I am not a big fan of large, overcrowded museums. They draw tourists who are trying to check off the “important sites,” and who stand in front of the major pieces of art, taking pictures that will come out worse than the post cards available in the store. This is especially true since I live in New York City, and have The Met, MOMA and the Whitney at my beck and call. When I travel, I am much more likely to look for smaller exhibits. I mean, I have been to Florence three times, and I have yet to visit the Uffizi or the Academia. Yet I have seen amazing art on these trips, and this one was no exception.
In order to fulfill my passion for walking old cities and visiting smaller museums I usually try to stay as close to the center of the city I visit as I can afford. On this trip to Florence The Amazing Ms. D and I chose the Hotel Olimpia, which is on the Piazza della Repubblica. The Olimpia is a nice 3.5-star hotel that occupies the top two floors of a building built in 1800. The beds are comfortable, the ceilings are tall and the staff is extremely friendly. It is not the fanciest place to stay, but at a rate of around $100/night in a great location, this was a good choice.
saját tulajdonú képeslap [Public domain] via wikicommons
Sailko [CC BY-SA 3.0 (http://creativecommons.org/licenses/by-sa/3.0/)] via wikicommons
Staying in the center of town makes it easy to walk around and discover wonderful exhibits. One that I found was at the Palazzo Strozzi. The Palazzo Strozzi was built at the end of the 15th century by the Strozzi family, rivals to the Medicis. It is a large, freestanding, stone structure with an open ground floor that includes an open space at its center. Today, the building is home to the Institute of Humanist Studies, and the Fondazzione Palazzo Strozzi, which organizes exhibitions of art works. Nicolas de Larmessin [Public domain] via wikicommons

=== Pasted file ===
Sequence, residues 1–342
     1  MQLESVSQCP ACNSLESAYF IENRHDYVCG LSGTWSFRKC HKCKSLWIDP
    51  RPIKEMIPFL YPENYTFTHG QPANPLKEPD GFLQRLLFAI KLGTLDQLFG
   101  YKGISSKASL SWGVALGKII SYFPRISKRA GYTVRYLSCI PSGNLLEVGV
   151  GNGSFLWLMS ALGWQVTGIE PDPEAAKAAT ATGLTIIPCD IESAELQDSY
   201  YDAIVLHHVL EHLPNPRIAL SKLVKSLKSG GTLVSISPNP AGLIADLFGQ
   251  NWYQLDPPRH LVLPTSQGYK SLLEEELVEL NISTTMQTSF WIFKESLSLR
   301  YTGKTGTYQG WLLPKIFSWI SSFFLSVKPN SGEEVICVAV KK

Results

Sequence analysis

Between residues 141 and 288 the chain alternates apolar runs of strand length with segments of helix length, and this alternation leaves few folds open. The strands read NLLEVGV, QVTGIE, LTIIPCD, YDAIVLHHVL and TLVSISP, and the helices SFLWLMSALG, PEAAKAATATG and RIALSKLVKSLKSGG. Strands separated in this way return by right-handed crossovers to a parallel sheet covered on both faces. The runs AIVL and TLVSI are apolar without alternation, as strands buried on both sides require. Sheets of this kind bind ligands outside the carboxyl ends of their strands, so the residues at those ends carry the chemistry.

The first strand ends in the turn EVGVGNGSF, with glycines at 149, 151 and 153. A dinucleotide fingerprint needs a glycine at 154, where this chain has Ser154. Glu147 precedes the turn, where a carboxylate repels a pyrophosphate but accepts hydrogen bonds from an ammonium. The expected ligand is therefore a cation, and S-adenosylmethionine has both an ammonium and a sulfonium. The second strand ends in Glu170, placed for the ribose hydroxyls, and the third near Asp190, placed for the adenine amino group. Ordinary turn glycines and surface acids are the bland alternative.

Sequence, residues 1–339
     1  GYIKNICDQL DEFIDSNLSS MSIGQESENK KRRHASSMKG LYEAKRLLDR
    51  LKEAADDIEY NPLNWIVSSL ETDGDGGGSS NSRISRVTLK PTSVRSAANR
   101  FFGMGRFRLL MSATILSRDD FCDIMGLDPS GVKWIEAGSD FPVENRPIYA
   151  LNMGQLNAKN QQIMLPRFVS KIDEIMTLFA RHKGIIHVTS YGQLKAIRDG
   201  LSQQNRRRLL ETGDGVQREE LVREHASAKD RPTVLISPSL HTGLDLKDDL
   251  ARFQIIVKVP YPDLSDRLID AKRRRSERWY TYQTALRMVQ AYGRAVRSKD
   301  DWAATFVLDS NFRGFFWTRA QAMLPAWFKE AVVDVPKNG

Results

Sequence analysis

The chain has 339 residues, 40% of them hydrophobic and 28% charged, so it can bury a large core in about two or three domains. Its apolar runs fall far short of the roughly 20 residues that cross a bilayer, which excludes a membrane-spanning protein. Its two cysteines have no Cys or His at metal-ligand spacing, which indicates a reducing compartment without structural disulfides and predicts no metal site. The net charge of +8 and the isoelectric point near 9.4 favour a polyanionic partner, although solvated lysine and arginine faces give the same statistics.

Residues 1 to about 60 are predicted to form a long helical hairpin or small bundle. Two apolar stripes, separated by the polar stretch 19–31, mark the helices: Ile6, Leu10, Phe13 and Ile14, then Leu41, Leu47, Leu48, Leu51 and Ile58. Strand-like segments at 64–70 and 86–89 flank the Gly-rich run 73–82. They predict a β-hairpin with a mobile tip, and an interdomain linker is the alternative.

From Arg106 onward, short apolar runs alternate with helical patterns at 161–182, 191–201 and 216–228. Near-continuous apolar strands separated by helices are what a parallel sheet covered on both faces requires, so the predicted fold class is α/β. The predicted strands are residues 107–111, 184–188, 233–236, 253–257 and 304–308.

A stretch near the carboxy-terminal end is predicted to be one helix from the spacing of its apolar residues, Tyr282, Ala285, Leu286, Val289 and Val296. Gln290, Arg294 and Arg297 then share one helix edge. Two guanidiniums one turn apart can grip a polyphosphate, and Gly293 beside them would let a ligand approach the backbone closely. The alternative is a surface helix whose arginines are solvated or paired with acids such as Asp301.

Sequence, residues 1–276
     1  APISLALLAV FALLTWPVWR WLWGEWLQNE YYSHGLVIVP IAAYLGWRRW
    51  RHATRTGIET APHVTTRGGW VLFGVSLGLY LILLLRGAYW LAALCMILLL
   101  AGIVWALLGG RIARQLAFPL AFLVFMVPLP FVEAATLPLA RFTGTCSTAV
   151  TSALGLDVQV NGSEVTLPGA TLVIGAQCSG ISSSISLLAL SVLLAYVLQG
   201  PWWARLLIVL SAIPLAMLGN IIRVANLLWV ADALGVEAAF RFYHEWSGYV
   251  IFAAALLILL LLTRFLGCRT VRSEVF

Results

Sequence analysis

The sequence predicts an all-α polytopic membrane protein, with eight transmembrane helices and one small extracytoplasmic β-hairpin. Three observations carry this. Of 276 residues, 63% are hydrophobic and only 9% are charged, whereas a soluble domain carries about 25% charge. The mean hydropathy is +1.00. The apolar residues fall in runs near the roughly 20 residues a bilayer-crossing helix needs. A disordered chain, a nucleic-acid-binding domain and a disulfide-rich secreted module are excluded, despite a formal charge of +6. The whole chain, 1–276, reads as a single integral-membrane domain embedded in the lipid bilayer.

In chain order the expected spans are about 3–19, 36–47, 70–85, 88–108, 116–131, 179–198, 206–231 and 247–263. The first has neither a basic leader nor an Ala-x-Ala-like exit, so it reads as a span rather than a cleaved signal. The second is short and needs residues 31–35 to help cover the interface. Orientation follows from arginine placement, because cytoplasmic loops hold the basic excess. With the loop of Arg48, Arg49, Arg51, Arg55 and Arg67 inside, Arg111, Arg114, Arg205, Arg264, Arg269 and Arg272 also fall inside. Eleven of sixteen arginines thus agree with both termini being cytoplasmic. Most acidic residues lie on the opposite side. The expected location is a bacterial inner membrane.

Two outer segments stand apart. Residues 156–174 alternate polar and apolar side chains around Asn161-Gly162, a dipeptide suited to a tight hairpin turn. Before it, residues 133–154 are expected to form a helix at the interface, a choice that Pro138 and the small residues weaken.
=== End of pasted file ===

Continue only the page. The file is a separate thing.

My visit to the Palazzo Strozzi was to see an exhibit celebrating the life and work of Andrea del Verrocchio. Verrocchio was a painter, sculptor and goldsmith during the 15th century in Florence. He may have apprenticed under Donatello and/or under Fra Filippo Lippi. He ran a workshop in Florence where Leonardo da Vinci and Pietro Perugino were among his students. While his work has not been well known, his influence has lasted for centuries.
The exhibit was an excellent collection of works by Verrocchio and his contemporaries and students. It began with some of his sculptures, including one of David, along with a drawing of that statue by da Vinci. This joining together of works was done throughout the exhibit. There was a cornucopia of Madonna and Childs, along with angels and saints galore. It was an excellent exploration of one artist and his legacy.
Madonna and Child by Verrocchio
Staying near the Piazza della Repubblica also put us only three blocks from the Auditorium of Santo Stefano al Ponte. Sitting just a block from the Ponte Vecchio, this decommissioned 12th century church is now a concert and exhibition space. We saw “Van Gogh & I Maldetti” (Van Gogh and the Damned). This was a multi media show high-lighting the works of Van Gogh, Gauguin, Cezanne, Toulouse-Lautrec, Modigliani, and Chaim Soutine.
Their works were set to classical music and projected onto the walls, ceiling and floor of the building. This immersive show makes one feel as thought they were inside the paintings. In fact, there is also a VR experience that literally takes you on a tour through Van Gogh’s Starry Night and Modigliani’s Workshop. Van Gogh & I Maldetti is similar to several shows that are being staged in cities around Europe. Last year I attended a different show while in Berlin. This is a great experience and I highly recommend seeing one of these exhibits if you have the opportunity.
When you are thinking about traveling, look beyond the large museums, and seek out the smaller galleries. They have great shows of works that aren’t often seen.
Palazzo Strozzi – Piazza Strozzi 50123 Firenze. Tickets for the Verrocchio Exhibit are €13/10.
Auditorium of Santo Stefano di Ponte - Piazza Santo Stefano 1, 50122, Florence, Italy. Admission varies depending on the event.